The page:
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1 Corinthians 7:17-23 | Use Your Freedom | Independent Baptist This video is a sermon preached from 1 Corinthians 7:17-23. The topic of the message is spiritual liberty. The premise is that we must use the freedom God has ...
Romans 8:1-2 | Glorious Liberty | Independent Baptist This message from Romans 8:1-2 deals with the freedom that belongs to the Christian. For more resources visit http://www.puyallupbaptistchurch.com.
Murmuration (Official Video) by Sophie Windsor Clive & Liberty Smith

 

Murmuration - it is something amazing to see.
 
No one knows why they do it. Yet each fall, tens of thousands of starlings dance in the twilight above England and Scotland.
 
The birds gather in shape-shifting flocks called murmurations,
 
having migrated in the millions from Russia and Scandinavia to escape winter's frigid bite.
 
Scientists aren't sure how they do it, either.
 
The starlings' murmurations are manifestations of swarm intelligence, which in different contexts is practiced by schools of fish, swarms of bees and colonies of ants.
 
As far as I am aware, even complex algorithmic models haven't yet explained the starlings' aerobatics, which rely on the tiny birds' quicksilver reaction time of fewer than 100 milliseconds to avoid aerial collisions and predators in the giant flock.
 
Two young women were out for a late afternoon canoe ride and fortunately one of them remembered to bring her video camera. What they saw was a wonderful murmuration display, caught in this too-short video.
BR Lakin - Two White Horses (Part 1 of 3) BR Lakin - Two White Horses from the Liberty Channel "Pulpit Classic" Series.
BR Lakin - Two White Horses (Part 2 of 3) BR Lakin - Two White Horses from the Liberty Channel "Pulpit Classic" Series.
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News

October 2017 marks the 500th Anniversary of the Protestant Reformation, when Martin Luther posted his 95 Theses in Wittenberg, Germany, perpetually impacting church history. In honor of this momentous occasion, Blue Letter Bible has added two of Luther's treatises, Concerning Christian Liberty and A Treatise on Good Works, and a dozen of his most noted […]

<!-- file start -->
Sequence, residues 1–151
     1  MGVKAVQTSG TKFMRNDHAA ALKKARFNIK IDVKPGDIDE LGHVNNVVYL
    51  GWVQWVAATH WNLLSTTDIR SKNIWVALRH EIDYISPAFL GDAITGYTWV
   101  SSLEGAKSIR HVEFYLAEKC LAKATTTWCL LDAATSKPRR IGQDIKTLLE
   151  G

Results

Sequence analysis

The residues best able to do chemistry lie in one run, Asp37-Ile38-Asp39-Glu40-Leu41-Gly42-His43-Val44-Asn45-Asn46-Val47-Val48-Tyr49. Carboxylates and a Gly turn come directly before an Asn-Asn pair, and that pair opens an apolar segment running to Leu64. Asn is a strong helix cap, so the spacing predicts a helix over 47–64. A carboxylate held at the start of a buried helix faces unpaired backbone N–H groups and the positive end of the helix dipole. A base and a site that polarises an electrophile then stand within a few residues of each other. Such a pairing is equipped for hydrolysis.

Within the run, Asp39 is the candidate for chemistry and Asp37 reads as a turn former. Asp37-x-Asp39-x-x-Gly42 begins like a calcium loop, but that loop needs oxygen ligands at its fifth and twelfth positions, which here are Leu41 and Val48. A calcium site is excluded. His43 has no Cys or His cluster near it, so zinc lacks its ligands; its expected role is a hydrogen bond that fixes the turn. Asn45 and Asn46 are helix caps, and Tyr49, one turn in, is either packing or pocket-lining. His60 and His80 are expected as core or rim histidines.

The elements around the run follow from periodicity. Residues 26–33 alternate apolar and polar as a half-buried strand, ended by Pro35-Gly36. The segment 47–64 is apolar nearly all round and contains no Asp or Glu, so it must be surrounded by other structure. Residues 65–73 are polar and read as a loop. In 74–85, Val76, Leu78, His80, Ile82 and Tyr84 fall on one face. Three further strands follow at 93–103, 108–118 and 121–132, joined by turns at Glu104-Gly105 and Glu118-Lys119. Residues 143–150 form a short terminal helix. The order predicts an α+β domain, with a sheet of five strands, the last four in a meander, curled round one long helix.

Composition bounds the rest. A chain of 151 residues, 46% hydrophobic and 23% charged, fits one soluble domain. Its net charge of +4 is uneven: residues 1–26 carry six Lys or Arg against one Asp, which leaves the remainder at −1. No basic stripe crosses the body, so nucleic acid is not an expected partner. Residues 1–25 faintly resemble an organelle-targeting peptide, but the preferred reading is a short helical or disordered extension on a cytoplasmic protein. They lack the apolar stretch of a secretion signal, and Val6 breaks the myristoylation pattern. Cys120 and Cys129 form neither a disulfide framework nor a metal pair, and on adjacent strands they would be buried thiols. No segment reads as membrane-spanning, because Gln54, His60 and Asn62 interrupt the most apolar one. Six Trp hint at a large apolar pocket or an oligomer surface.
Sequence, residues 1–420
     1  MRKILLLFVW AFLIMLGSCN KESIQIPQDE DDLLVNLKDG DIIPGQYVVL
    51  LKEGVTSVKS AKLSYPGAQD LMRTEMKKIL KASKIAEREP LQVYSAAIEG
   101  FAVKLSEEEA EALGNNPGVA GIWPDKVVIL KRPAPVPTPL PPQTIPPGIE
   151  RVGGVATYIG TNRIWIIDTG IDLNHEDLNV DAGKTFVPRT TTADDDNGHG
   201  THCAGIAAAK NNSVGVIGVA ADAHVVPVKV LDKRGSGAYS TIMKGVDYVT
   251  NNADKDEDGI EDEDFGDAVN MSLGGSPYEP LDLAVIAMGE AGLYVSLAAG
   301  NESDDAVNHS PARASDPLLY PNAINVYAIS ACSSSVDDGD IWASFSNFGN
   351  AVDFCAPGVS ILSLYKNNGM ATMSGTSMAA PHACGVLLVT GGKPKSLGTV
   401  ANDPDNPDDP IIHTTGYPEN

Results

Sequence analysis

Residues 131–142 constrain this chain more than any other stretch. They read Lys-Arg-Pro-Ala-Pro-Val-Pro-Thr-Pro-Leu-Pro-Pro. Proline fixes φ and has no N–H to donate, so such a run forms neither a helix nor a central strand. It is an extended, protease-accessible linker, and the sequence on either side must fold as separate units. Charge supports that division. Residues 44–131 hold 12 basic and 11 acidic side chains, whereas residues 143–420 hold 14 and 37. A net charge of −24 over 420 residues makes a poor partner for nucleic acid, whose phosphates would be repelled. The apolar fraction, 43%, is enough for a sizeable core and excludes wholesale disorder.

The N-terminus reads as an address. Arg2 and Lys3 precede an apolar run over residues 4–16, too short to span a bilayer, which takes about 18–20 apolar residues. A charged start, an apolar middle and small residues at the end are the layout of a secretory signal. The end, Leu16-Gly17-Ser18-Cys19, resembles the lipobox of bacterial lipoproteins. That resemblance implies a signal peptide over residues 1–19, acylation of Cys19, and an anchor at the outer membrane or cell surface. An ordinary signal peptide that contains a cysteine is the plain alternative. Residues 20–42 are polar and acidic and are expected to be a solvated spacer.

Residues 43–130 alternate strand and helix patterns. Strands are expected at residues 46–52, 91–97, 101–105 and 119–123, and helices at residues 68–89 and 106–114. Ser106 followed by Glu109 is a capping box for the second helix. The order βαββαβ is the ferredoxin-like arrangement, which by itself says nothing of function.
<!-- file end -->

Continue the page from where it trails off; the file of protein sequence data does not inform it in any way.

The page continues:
Is it really possible that the Air Force no longer has room for people of faith? Based on the matter of Colonel Bohannon, that may sadly be the case.Leland Bohannon is a decorated colonel who has devoted decades of his life to serving our Air Force, including flying missions in the B-2 stealth bomber. He’s been ranked first on his performance reports, has been bestowed numerous honors, and trusted with oversight of nuclear weapons. In other words, he’s the model Air Force officer.Yet Colonel Bohannon’s career may be flushed down the drain by the Air Force simply because of a subordinate who wanted approval of a same-sex marriage. When he was handed several awards and certificates to sign for the subordinate’s retirement ceremony, Colonel Bohannon signed all of them except a “certificate of spouse appreciation”—which he couldn’t in good conscience sign because the certificate was for a spouse of the same sex. He sought advice about what to do from his chaplain and attorney; the chaplain told him to ask for a religious accommodation. He submitted one but it was returned six weeks later “without action.” In the meantime, a major general offered to sign the certificate instead, and it was signed and presented to the subordinate. Yet when the subordinate saw that Colonel Bohannon was not the signatory, he filed an Equal Opportunity complaint against him, alleging discrimination on the basis of sexual orientation.The EO investigator found that Col Bohannon violated Air Force regulations and “unlawfully discriminated against the MSgt based on sexual orientation.” The EO investigator recognized that a religious accommodation had been sought, but claimed that “even had the accommodation been granted, Col Bohannon would nonetheless be guilty of unlawful discrimination.”As a result, his superior “suspended Col Bohannon from command, withheld his decoration, and submitted a letter to the Air Force Brigadier General promotion board—the rank for which Col Bohannon is eligible—recommending that Col Bohannon not be promoted.”Not only is this entire side-show an absurd waste of time, it is clearly unlawful and unconstitutional. The EO investigator is apparently ignorant of the law in this area; if a religious accommodation is granted, that means by definition that he’s not “guilty of unlawful discrimination”—because he’s been granted an accommodation. Moreover, religious freedom law and military policy demand that he be granted an accommodation in an instance like this—where the objective is easily fulfilled with another signature on the certificate.At best, this entire matter is a distraction for Colonel Bohannon. At worst, it could end his career. That’s the track this train is currently proceeding on.Thankfully, our friends at First Liberty are on the case, and those in the media like Todd Starnes are calling attention to this. Let us hope the Air Force fixes the issue before the entire situation is derailed and the military environment only grows more toxic for people of faith.